by Anton Chekhov
Friday October 13 – Sunday October 15, 2006
Venue: The House
One of the most famous and acclaimed plays of all time; The Cherry Orchard was Anton Chekhov’s last play, first performed shortly before his death in 1904. It describes the collapse of an aristocratic family, whose way of life is destroyed by forces they don’t understand and are powerless to resist – forces of social and political change that would soon sweep away the old order in its entirety. The combination of Chekhov, the playwright, and Stanislavski, the pioneering director and creator of the first truly modern school of acting, who directed the original production, make it a play of unique importance in the history of theatre. It was his encounter with Chekhov’s plays that gave Stanislavski the conviction that a new type of actor was called for and this eventually gave birth to the famous ‘System’.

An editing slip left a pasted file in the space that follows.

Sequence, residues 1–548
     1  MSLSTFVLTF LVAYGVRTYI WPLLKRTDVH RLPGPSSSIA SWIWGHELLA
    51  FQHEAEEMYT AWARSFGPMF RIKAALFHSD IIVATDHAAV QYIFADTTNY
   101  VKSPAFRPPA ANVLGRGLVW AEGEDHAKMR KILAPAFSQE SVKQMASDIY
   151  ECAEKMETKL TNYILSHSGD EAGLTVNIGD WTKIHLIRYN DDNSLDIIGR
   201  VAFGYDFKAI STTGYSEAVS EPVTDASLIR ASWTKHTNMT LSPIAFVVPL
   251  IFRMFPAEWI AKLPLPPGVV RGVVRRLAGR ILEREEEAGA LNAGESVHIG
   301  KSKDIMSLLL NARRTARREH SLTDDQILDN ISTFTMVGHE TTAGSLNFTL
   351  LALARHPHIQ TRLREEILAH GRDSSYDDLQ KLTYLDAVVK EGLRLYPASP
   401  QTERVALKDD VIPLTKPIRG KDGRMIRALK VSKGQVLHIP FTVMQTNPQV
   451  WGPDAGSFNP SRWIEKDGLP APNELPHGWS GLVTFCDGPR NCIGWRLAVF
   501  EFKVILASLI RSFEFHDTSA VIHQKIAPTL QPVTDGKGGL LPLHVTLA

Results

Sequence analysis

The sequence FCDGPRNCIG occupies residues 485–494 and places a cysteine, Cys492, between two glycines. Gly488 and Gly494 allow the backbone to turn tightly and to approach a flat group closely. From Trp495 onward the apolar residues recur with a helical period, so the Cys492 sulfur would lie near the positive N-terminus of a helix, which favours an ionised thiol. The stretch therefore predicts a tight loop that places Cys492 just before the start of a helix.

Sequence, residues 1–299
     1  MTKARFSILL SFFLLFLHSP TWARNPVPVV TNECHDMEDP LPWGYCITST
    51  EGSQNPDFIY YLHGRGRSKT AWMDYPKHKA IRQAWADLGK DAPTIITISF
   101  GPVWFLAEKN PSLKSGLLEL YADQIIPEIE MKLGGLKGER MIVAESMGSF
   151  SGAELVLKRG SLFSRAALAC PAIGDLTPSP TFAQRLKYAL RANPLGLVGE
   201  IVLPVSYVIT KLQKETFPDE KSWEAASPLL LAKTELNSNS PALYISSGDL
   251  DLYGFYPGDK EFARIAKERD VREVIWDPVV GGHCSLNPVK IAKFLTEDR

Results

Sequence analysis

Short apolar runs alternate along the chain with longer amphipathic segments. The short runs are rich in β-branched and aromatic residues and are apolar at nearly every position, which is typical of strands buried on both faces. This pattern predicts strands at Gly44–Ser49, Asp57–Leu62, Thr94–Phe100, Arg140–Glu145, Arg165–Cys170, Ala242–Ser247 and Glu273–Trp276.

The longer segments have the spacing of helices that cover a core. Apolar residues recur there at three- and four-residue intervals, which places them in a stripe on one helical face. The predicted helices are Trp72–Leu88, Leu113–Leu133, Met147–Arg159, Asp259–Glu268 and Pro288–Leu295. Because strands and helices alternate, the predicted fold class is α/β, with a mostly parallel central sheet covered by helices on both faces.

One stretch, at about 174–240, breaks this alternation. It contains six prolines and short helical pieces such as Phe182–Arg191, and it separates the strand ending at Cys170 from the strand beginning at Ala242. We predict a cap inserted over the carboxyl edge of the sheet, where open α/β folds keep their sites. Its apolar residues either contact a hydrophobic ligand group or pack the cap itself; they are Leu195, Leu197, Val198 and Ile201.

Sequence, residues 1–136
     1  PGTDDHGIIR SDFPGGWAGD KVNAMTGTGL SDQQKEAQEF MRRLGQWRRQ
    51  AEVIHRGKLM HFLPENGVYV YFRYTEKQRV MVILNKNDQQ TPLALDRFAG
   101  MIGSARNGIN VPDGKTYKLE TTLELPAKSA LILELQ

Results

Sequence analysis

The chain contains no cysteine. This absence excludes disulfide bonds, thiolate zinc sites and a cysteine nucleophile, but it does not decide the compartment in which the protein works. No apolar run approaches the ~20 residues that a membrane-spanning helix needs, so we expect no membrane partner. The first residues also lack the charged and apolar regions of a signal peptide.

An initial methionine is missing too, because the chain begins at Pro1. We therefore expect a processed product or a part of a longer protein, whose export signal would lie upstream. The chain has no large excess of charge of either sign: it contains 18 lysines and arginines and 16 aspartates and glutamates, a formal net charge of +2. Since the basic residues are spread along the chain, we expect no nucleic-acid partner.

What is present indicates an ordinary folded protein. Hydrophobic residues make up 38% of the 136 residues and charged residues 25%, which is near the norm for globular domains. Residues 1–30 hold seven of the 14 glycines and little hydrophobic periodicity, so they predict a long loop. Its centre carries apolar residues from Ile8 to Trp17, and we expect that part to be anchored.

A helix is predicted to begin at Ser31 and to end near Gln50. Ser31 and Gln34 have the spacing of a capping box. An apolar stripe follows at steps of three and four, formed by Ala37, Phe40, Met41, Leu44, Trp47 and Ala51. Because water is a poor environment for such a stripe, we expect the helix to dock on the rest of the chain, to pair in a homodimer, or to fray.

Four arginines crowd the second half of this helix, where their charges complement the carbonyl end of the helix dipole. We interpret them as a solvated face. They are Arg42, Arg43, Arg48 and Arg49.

in situ: applies its unique approach to Chekhov’s masterpiece. The Cherry Orchard Projecttakes place in The House, the action happening simultaneously in different rooms, corridors, landings and other spaces. The idea is that the audience moves around The House following whatever parts of the action they wish and piecing together their own unique experience of the work out of these encounters. The different acts take place in different spaces: on an impossibly cramped sofa, on a bed, on the stairs. Meanwhile, elsewhere, the characters are chatting, playing cards, drinking, singing, re-enacting the turning points in their lives and weeping over lost happiness.